If you’re going to use Zoom for your child’s Mitzvah, you’re going to want to invest in a professional account. Free Zoom accounts may kick users off after 45 minutes and while you can create a new meeting and log back on, this forced hangup is very disruptive. In addition, make sure that you are familiar with how Zoom works so that you are prepared to use it when the day comes.

Now, let’s look at how you can have a Bar or Bat Mitzvah from the comfort of your home.

Have the Torah Delivered to Your Home

Talk to your rabbi about your remote Mitzvah in advance. It is important that they know when to be present online and can get all texts to your home in time for the big day.

While it may feel strange, many families have had the Torah, scrolls, and more delivered to their home. As long as you keep these texts in a safe place and handle them with care, there won’t be any issues! Your child can read from the Torah in your living room, kitchen, or any other place of your choosing.

During this time, make sure that your guests are muted. You can either exercise that control yourself or give them control over their own microphones. To avoid any technical issues, ask your guests to let you know in the weeks leading up to the Mitzvah if they need any help navigating the app.

Prepare for Aliyot

Even over Zoom, you can ask a few members of your family to appear on screen for aliyot. Reach out to the selected few and make sure that they know how to unmute themselves. Give them a distinct order to appear in so that no one accidentally talks over one another.

Before your child reads from the Torah, each selected family member can appear one at a time to bless the reading. Once they begin speaking (and their microphone is unmuted), Zoom will centralize their video so that everyone can see it. This is a great way to create feelings of connection even from a distance.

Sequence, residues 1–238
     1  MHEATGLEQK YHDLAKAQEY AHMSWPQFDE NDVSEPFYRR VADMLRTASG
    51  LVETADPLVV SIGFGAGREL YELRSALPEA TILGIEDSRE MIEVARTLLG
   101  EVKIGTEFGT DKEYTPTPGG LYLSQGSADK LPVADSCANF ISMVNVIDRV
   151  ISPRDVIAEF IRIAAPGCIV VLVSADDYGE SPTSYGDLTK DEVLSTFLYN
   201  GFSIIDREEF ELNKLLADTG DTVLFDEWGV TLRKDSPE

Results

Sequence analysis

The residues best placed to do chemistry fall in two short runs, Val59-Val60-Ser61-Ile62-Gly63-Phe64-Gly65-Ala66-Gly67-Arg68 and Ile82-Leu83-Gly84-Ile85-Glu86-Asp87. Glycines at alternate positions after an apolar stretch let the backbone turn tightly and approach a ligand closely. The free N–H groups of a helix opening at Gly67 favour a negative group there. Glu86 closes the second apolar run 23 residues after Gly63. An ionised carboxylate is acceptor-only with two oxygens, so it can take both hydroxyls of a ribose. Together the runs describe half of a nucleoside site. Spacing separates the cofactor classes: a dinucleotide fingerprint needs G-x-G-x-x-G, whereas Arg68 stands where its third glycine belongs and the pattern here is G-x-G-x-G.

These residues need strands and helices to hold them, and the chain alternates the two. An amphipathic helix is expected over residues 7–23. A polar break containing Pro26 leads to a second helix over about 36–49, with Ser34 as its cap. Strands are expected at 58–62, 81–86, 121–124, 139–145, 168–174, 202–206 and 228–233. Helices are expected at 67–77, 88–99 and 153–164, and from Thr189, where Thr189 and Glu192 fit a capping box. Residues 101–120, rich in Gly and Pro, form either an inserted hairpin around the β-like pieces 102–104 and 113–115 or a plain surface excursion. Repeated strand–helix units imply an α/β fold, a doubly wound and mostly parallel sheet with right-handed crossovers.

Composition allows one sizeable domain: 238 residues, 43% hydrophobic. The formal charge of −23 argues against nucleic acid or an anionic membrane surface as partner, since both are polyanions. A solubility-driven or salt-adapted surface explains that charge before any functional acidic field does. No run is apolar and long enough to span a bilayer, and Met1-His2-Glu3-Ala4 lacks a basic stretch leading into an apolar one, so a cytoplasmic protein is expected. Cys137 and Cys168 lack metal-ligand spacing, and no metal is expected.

Feel Free to Up Your Guest List

One of the nicest things about a Zoom Mitzvah is that you can call on friends and family near and far to participate. Whether you have family in Israel or on the other side of the states, everyone can join without worrying about the cost of a flight or other arrangements!

Plan for an In-Person Celebration Later

Without the glitz and glamor, a Zoom Mitzvah can really allow your child to focus on the important things. In fact, giving up an in-person Mitzvah during a pandemic is a very selfless and community-oriented act. It’s a wonderful way to begin adulthood!

That being said, it’s hard to imagine a Bar or Bat Mitzvah without a shared meal after the ceremony. While we encourage you to dine with your guests over Zoom, we also recommend planning a party for the future. It may be wise to hold off on setting an exact date at the moment, but you can begin to tell your guests now that in the coming months, you hope to gather in person.

Don’t Forget the Gifts

Even if you’re not holding a traditional, in-person Bar or Bat Mitzvah, it’s still nice to honor the girl or boy with a Bar Mitzvah gift! Gifts are easy to handle from a distance since you can send packages, cards, and checks through the mail. Some Zoom Mitzvahs have even set aside some time for the boy or girl to open their gifts on screen, giving them the opportunity to thank their gift-givers “face to face.”

Embrace the Zoom Mitzvah

In the midst of a pandemic, it can be hard to decide what to do about your child’s Bar or Bat Mitzvah. Gathering in person may be off the table, but switching gears and hosting a Zoom Mitzvah is a fun and creative way to keep things on track!

Do you have more questions about adapting to life during the pandemic? We have answers. Take a look at more of our posts and bookmark our page for regularly updated content.